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Study Reveals Women Are Involved in More Accidents Than Men

Posted by Steven A. Bagen

Jul 19, 2011 12:27:00 PM

Car AccidentsA new study developed by the University of Michigan found that car accidents are mostly caused by women. Researchers studied thousands of traffic accidents over a 20-year time span. The results are surprising: female drivers are far more likely to run into a car driven by another woman than a man.

The study is bound to add fuel to the man vs. women fire. Lead author Michael Sivak of the University of Michigan’s Transportation Research Institute said he and his colleague, Brandon Schoettle, wanted to determine if there was a gender interaction component in traffic accidents. In fact, Sivak called the results “astounding.” The team examined police reports of two-vehicle traffic accidents across the country from 1988 to 2007.

They focused in on cases where the drivers of both vehicles could “potentially” determine the gender of the other driver in the moments before the crash. The accidents occurred during “personal travel” and since men drive 60% of the time compared to a woman’s 40%, the researchers’ theorized men would be involved in more accidents.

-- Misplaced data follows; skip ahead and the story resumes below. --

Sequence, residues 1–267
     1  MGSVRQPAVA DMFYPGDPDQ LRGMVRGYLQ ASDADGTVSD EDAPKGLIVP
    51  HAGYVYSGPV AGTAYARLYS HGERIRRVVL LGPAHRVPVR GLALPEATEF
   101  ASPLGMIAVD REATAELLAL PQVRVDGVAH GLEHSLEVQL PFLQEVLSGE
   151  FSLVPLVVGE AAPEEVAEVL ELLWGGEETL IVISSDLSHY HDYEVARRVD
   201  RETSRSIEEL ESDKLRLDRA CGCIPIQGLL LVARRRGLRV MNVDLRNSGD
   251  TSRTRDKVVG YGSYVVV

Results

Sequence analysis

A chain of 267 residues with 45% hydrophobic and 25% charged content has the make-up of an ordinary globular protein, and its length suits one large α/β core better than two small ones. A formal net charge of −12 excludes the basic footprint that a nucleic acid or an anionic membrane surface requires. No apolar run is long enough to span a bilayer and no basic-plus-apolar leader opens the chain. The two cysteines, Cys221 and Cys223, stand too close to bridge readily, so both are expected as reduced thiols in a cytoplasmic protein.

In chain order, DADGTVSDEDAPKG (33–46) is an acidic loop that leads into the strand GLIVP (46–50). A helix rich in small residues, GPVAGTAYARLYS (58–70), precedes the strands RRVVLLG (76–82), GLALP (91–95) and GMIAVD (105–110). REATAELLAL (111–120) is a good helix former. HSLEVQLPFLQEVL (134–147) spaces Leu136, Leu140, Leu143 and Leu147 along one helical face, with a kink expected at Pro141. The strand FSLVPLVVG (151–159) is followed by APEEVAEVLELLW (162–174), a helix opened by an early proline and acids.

The "expected" percentage of accidents in which both drivers were men should be around 36%, but the chances that a woman would run into another woman was expected to be less than 16%, because women drive less than men.

Crashes involving two female drivers were "overrepresented" in five out of six different crash scenarios: Variations on crossing another vehicle's path, side-swiping, turning in front of another vehicle, and head on. But here's the bizarre part - when both vehicles were driven by a female, the crashes exceeded the expected frequency by at least 50 percent in two scenarios, and more than 25 percent in three others.

At least one other study discredited the idea that men are better drivers than women are. Researchers at Johns Hopkins University revealed that female drivers were involved in more crashes then men, but the difference was not substantial – 5.1 crashes per million miles driven for men, compared to 5.7 crashes for women.

Topics: Car Accidents, Personal Injury, Motorcycle Accidents, Speeding Accidents, Bus Accidents, Spinal Cord Injury, Serious Accidents & Injuries, Personal Injury Law